Beethoven Piano Concert No 4 - part 1 - Wilhelm Backhaus - Kar GOOD QUALITY WILHELM BACKHAUS & KARL BÖHM Concerto for Piano no 4 in G major, Op. 58 by Ludwig van Beethoven Performer: Wilhelm Backhaus (Piano) Conductor: Karl Böhm Orchestra/Ensemble: Vienna Symphony Orchestra Date of Recording: 3-9/4/1967 Venue: Studio Rosenhügel, Vienna Period: Classical Written: 1806; Vienna, Austria * Backhaus was regarded by many as the greatest interpreter of Beethoven. * Backhaus and Böhm were friends of nearly forty years' standing and collaborated in concertos by both these composers on many occasions. * The present performance was among their last. Two years later, Backhaus died, aged 85, after a career of some seventy years. * Both men were technicians of exceptional brilliance. * Böhm's command of orchestral ensemble, sonority, textural clarity and subtlety of rhythm was legendary. His musicianship was impeccable, his authority unquestioned. * A marvellous testament to great Brahms conducting! Perhaps this DVD will act as a reminder of the power of the medium. These are two fine performances by two great artists - and here we have the opportunity to study their most intimate movements in performance. Piano students will surely glean volumes from Backhaus's sovereign technique; conducting students may find less to admire in Böhm's rather staid manner and gestures, but nevertheless can observe a major podium figure of the past at close quarters. The set-up in the studio is typical for the period, with the conductor rather isolated from his ...
Beethoven - Fur Elise (HQ)
Beethoven - Fur Elise (HQ) "Für Elise" (German for "For Elise") is the popular name of the bagatelle in A minor WoO 59, marked poco moto, a piece of music for solo piano by Ludwig van Beethoven (1770-1827), dated 27 April 1810. Beethoven scholars are not entirely certain who "Elise" was. The most reasonable theory is that Beethoven originally titled his work "Für Therese", Therese being Therese Malfatti von Rohrenbach zu Dezza (1792-1851), whom Beethoven intended to marry in 1810 and was also one of his students. However, she declined Beethoven's proposal. In 1816 Therese, who was the daughter of the Viennese merchant Jacob Malfatti von Rohrenbach (1769-1829), married the Austrian nobleman and state official Wilhelm von Droßdik (1771-1859)[1] When the work was published in 1865, the discoverer of the piece, Ludwig Nohl, mistranscribed the illegible title as "Für Elise". The autograph is lost.[2] Another theory is that 'Elise' was used to describe a sweetheart during Beethoven's time. If this is true, then the piece is dedicated to sweethearts in general, with no specific person in mind. However this theory is unlikely because it doesn't fit well with Beethoven's composing and dedication history.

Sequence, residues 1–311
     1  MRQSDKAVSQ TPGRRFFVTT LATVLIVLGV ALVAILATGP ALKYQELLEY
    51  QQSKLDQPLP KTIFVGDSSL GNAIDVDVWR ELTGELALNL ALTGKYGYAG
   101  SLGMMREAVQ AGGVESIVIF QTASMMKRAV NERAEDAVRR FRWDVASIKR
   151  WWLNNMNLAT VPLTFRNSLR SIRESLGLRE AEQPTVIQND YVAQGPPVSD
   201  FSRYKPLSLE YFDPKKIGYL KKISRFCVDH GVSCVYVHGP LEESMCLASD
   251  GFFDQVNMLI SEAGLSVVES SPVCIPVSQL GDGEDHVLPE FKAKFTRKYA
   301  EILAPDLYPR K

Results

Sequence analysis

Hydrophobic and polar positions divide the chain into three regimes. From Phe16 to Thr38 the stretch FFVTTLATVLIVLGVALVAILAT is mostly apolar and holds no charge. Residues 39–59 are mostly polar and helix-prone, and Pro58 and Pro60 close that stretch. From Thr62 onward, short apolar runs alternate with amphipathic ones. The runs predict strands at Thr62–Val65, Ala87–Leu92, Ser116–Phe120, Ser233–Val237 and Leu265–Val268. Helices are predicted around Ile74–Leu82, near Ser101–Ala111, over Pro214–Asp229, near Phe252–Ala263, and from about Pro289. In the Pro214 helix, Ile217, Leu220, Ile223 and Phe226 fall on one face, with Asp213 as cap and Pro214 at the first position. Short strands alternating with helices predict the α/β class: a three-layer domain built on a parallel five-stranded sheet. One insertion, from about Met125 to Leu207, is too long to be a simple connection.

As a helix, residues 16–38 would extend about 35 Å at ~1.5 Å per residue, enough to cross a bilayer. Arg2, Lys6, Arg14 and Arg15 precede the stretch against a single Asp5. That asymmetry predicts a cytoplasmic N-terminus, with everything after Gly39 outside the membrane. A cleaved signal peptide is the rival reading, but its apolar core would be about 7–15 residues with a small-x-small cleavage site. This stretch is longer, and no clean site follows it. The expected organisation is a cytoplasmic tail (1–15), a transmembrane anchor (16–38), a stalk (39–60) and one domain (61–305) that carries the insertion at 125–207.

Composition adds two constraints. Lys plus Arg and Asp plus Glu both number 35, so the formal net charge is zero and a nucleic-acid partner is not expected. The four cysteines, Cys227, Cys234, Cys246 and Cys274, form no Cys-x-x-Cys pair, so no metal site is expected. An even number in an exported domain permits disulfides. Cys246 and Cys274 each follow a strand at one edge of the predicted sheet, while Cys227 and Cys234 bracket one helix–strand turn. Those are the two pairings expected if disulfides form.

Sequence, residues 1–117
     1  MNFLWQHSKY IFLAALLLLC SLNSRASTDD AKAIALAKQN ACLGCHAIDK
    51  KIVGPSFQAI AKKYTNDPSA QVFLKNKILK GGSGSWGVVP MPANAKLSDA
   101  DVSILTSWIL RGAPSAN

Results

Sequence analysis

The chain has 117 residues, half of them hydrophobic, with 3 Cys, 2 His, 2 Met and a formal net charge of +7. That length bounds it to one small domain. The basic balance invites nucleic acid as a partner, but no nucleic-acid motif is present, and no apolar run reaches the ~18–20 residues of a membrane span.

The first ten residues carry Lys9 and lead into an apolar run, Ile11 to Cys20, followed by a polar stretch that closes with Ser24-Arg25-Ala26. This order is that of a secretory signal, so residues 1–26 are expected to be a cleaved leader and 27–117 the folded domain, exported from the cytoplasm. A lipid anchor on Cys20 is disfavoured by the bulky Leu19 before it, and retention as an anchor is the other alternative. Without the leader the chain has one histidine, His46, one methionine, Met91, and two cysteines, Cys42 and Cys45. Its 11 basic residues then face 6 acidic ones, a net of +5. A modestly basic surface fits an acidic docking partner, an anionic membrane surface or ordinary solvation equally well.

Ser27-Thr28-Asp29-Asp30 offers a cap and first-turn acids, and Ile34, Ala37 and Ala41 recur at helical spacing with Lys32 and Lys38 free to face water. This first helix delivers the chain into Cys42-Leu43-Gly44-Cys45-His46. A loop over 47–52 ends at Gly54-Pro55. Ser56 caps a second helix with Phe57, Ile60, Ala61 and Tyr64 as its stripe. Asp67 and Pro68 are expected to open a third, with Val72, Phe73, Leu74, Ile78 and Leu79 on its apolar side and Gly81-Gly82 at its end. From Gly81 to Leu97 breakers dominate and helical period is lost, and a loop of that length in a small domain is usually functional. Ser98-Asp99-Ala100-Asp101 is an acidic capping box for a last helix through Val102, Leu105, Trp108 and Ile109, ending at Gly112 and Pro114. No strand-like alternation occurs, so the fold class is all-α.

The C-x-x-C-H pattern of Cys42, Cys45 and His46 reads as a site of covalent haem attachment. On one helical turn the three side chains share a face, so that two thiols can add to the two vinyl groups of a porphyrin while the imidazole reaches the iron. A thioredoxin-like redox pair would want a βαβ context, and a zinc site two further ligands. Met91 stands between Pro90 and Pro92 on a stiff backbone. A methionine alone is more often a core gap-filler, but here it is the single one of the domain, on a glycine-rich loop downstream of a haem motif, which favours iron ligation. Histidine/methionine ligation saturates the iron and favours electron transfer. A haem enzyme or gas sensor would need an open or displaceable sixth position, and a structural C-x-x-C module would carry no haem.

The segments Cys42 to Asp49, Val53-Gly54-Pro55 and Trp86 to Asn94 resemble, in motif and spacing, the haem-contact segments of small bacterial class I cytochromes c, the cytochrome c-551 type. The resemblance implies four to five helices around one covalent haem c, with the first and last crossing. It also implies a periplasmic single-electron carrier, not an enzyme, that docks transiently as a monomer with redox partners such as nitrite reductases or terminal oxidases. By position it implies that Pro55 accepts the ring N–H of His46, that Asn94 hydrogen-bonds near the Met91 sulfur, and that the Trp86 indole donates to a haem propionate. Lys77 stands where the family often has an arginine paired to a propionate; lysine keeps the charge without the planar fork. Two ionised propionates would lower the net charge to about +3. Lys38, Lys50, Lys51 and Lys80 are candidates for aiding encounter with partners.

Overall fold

Beethoven Symphony No. 6 - Arturo Toscanini - First Movement
Beethoven Symphony No. 6 - Arturo Toscanini - First Movement Beethoven Symphony No. 6 "Pastorale" 1° MOVEMENT Orchestra: BBC Symphony Orchestra Director: Arturo Toscanini --- 1° MOVEMENT 2° MOVEMENT (part1) 2° MOVEMENT (part2) 3° 4° 5° MOVEMENT (part1) 3° 4° 5° MOVEMENT (part2) --- Listen to radio stations from your browser World version --- Digital Remastering of 78 RPM Records Only Classical Music Public Domain PromoClassical Copyright reserved
Beethoven's Fur Elise
Beethoven's Fur Elise Beethoven's Fur Elise played by Lucas Chang (me). This is one of the most recognizable and famous tunes of the classical repertoire. I played this many years ago and I finally had some time to relearn the song and post it!
Beethoven Concerto No. 05 Emperor, Third Movement
Beethoven Concerto No. 05 Emperor, Third Movement Rob Steinberg, former concert pianist, plays Beethoven's Emperor Concerto with Paul Jones in live concert. About the Pianist: Studied in Paris with Jules Gentil for international piano competitions, privately with Brian Ganz, Professor of Piano Performance at the Peabody Institute, and composer Elizabeth Gould. Founder of performance group of well known governmental and business leaders in Washington, DC Served on Board of Directors of Young Concert Artists at the Kennedy Center. Soloist with symphony orchestras and performed in various recitals. Steinberg is or has been a management consultant, trial attorney, Reagan Administration appointee, classical pianist and author of five books. Concert pianist Paul Jones plays the accompaniment. Mr. Jones graduated from The Julliard School and studied with Leon Fleischer at the Peabody Institute. He has been a professor of piano at several universities. Influences include Rudolph Serkin, Glenn Gould, Andre Watts, and Emmanuel Ax.